Knowing what Nursing Liabilities and Negligence’s are
And Preventing them from Occurring
Sandy E. Preza
To be able to understand and know what a words definition is describing we must know in nursing, the nursing standard that follows clinical words. In defining Liability one can say it means to be responsible of one’s action when committing to patient care. Nursing Liability standards puts every nurse to be an advocate of each patient they encounter. The American Nurse Association has their description of Professional Liability for nurses and they acknowledge that nurses must promote a safe environment, protect a patient’s health, and must be responsible for the delegation of patient needs to another nurse or unlicensed personnel, to be able to reduce any potential Liability. On the other hand Negligence is defined by the Joint Commission on Accreditation of Healthcare or JCAHO as a, “failure to use such care as a reasonably prudent and careful person would use under similar circumstances”, (Croke, 2003) 54. There are also six categories within Negligence that lead to a Malpractice Lawsuit. These categories can help nurses identify any weak areas they may need to work on to prevent a lawsuit or court case, but if a nurse is served with a complaint then it is important for them to also know how to handle the upcoming lawsuit professionally.
In Liability we have to make sure the nurse has the right perception and knowledge so there are no surprises later. What makes a nurse so Liable for each patient is that their roles within the scopes of practice for nursing has increased over the years causing them to encompass a wider role in Healthcare compared to the physicians themselves. The physician used to do most of the tasks for their patients a long time ago, but then realized that the nurse was the real advocate because they had to assist the patients for long periods of time, and hence the physicians gave nurses a greater Liability. It says in another article that as advocates nurses have the right to question a physicians drug prescription order, their decisions for a patient, and when they believe instead of helping the patient the treatment may cause harm or not function depending on the patient’s organism. To help prevent Liability the nurse will have to follow make sure her decisions follow the institutions procedures and policies and that if the physician insists on their decision that the nurse follows chain of command to be able to also avoid Malpractice from happening.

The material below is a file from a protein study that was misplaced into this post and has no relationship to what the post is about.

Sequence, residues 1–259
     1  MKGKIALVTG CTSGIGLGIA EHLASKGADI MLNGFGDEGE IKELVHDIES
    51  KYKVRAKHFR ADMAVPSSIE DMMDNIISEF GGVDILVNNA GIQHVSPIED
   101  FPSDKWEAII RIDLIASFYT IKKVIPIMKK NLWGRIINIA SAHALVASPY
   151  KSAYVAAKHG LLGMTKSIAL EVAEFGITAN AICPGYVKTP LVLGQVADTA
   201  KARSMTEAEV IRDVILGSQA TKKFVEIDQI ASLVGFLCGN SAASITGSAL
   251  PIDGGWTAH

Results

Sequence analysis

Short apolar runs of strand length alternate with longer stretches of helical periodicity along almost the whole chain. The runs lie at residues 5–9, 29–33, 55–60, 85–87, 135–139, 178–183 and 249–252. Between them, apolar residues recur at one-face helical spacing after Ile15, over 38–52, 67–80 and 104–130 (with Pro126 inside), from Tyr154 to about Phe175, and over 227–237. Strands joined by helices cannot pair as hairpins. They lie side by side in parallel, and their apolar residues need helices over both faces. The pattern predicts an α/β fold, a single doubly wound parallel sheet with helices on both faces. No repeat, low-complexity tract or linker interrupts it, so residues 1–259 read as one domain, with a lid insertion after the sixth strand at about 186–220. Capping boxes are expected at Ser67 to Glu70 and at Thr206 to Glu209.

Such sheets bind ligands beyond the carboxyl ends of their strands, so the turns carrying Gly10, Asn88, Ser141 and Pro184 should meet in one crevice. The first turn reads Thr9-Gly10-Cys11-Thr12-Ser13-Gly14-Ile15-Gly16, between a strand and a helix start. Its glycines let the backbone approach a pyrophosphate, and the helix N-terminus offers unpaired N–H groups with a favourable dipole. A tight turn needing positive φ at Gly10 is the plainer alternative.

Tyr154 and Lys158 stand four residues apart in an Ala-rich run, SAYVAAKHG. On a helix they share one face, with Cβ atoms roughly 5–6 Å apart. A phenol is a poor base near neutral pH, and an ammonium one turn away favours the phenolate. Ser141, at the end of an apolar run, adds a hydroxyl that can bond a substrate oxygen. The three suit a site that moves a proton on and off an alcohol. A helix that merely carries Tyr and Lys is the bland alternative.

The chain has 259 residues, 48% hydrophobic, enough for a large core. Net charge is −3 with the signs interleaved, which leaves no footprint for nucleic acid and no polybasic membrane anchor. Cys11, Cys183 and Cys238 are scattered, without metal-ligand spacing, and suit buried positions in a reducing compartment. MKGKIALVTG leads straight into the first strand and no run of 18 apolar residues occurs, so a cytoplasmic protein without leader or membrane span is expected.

Malpractice can occur if the nurse or any clinical employee is being negligent towards a patient. As I mentioned already there are six Malpractice categories that are found within Negligence that will lead to a Malpractice Lawsuit. The first category is the nurse is being negligent of following standards of care like, design a plan of care or fail to complete an admission assessment; the nurse does not follow the institutions policies and procedure or follow their proper protocols; and to also not follow a written order given by the attending physician. The second category that may cause a Malpractice Lawsuit includes; the nurse not being able to use medical equipment nor be able to follow the recommendations of the manufacturer to use the equipment; to fail to check all equipment prior to use for safety precautions; a nurse must be able to place the equipment on the patient properly during their treatment; and if the nurse can’t use the equipment to learn the way all needed equipment in their area functions. The third Malpractice category defines the nurse’s failure to be able to communicate with the physician when their patient’s health requires they be reached; to maintain good listening by communicating with the patient and hear their complaints, so the nurse can then quickly act on them; also by adequately communicating with the patient before and after they have been discharged; and the nurse...
References: 1. Karen A. Ballard, Patient Safety: A Shared Responsibility, Online Journal of Issues in Nursing, Vol. #8 No. #3, Manuscript 4 (September 30, 2003) available at http://www.nursingworld.org/ojin/topic22/tpc22_4.html.
2. Frank J. Cavico & Nancy M. Cavico, The Nursing Profession in the 1990 's: Negligence and Malpractice Liability, 43 Clev. St. L. Rev. 557 (1995).
3. Mary E. O’Keefe, Nursing Practice and the Law (Philadelphia: F.A. Davis Co. 2001).
7. Joint Commission on Accreditation of Healthcare Organizations. Sentinel Event Glossary of Terms [Web site]. 2003. http://www.jcaho.org/accredited+organizations/ laboratory+services/sentinel+events/glossary.htm.
9. Fact sheet on the National Practitioner Data Bank [Website]. 2001. http://www.npdb-hipdb.com/pubs/fs/, Fact%20Sheet%20-%20National%20Practitioner%20 Data%20Bank.pdf.
14.Hall v. Arthur, 141 F. 3d. 844 (8th Cir, 1998).
15.Chin v. St. Barnabas Medical Center, 160 NJ 454 (App. Div.1999).
16. Busta v. Columbus Hosp. Corp., 916 P.2d 122 (Mont. 1996).
19.Pellerin v. Humedicenters, Inc., 969 So. 2d 590 (La. App.,1997).
21.Koeniquer v. Eckrich, 422 N.W.2d 600 (South Dakota,1988).
Please join StudyMode to read the full document